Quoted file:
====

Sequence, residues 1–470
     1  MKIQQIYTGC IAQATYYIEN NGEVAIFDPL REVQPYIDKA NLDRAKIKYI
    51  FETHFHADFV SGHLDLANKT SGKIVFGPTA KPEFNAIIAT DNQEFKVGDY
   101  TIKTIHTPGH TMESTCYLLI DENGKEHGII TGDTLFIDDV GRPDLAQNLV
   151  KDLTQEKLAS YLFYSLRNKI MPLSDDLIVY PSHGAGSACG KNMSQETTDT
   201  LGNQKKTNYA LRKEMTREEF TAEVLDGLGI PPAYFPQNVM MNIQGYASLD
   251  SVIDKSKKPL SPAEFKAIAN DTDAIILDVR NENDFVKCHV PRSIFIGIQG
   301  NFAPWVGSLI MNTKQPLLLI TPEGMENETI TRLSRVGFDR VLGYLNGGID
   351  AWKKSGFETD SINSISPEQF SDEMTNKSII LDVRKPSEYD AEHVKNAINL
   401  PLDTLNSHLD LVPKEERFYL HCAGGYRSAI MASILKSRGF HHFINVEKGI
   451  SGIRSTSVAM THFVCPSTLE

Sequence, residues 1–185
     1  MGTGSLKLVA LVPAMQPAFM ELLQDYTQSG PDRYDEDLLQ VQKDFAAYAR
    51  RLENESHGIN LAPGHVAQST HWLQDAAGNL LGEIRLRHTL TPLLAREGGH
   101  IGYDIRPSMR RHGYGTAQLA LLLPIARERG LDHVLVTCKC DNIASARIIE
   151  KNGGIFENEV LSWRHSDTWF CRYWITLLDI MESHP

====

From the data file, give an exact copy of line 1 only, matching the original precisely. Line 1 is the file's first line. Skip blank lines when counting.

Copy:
Sequence, residues 1–470